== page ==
I recently came across this interesting article published at the website of the American Medical Association discussing how large insurers are forming their own insurance exchanges to compete with state run exchanges. State/regional health benefit exchanges are a critical component of the Patient Protection and Affordable Care Act (PPACA). They are intended to aggregate purchasing power for individuals and small employers by providing them a single marketplace to purchase coverage from a variety of insurers and managed care plans. The policy goal as stated in the PPACA is to increase consumer choice and competition among payers.
But perhaps an unforeseen consequence is that competition would entail payers competing not just against each other in government-operated exchanges but also directly against the exchanges themselves. According to the amednews.com article, motivating payers is the desire to retain a degree of control and independence from state-run exchanges:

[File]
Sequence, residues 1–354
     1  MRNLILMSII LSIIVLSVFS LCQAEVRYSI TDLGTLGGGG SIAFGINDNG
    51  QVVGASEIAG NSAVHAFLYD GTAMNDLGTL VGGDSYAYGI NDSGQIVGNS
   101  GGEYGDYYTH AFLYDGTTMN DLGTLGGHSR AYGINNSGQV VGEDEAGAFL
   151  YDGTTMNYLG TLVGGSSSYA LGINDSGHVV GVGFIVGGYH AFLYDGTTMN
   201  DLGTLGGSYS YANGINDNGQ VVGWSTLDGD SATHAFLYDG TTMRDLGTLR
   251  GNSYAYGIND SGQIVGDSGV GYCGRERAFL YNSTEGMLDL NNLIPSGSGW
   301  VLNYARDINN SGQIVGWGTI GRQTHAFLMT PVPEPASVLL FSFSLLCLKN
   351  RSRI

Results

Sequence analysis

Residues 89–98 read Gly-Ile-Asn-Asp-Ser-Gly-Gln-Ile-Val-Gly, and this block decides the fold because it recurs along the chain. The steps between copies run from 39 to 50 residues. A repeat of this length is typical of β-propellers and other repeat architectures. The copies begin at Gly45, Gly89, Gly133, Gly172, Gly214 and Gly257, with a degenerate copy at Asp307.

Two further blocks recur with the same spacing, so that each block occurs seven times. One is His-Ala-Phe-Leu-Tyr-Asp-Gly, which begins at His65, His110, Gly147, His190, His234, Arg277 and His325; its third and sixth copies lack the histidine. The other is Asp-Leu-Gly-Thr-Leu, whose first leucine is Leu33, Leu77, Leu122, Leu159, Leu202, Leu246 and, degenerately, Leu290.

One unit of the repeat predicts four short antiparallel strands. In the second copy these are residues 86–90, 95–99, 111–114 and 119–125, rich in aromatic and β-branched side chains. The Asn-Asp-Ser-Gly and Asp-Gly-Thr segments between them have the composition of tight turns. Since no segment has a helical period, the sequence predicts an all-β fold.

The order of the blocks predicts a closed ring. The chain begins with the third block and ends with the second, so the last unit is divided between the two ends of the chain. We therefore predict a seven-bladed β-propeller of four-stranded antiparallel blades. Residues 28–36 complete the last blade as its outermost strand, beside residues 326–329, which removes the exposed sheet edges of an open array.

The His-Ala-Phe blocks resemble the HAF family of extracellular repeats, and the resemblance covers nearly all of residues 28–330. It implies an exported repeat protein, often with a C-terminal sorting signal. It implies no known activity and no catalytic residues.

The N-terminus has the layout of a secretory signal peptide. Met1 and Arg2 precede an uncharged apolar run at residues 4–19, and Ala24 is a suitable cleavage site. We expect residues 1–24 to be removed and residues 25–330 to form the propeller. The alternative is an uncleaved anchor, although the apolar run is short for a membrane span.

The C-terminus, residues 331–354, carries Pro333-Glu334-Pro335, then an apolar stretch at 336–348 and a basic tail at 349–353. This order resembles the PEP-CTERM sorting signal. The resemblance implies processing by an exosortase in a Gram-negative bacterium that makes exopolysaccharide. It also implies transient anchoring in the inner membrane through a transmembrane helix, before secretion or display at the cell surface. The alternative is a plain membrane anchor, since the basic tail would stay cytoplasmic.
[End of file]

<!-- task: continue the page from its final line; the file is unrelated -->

Large insurers have invested in private exchange start-ups with the idea that they can offer a better insurance marketplace for employers and workers than a public exchange, keeping private plans dominant in the commercial market.
Moreover, the article continues, payers believe they can do a better job at attracting individuals and small businesses with their own exchanges. Rob Panepinto, managing director for the Client Practice and Exchange Solutions at Connextions, tells amednews.com that “government is not a good marketer.” In California, however, the California Health Benefit Exchange is gearing up in the apparent hope to prove that assessment wrong. The Sacramento Bee this week reported the Golden State’s HBEX tapped Ogilvy Public Relations to begin creating a marketing and public outreach and education strategy.
Looking back to the Clinton administration’s unsuccessful reform proposal of 1993-94, the emerging market dynamic of competing public and private exchanges wouldn’t likely have occurred. The Clinton reform plan would have created government run regional purchasing alliances that would have controlled the entire universe of payer and provider markets with both payers and providers competing within the alliances under the reform plan’s “managed competition” principle.
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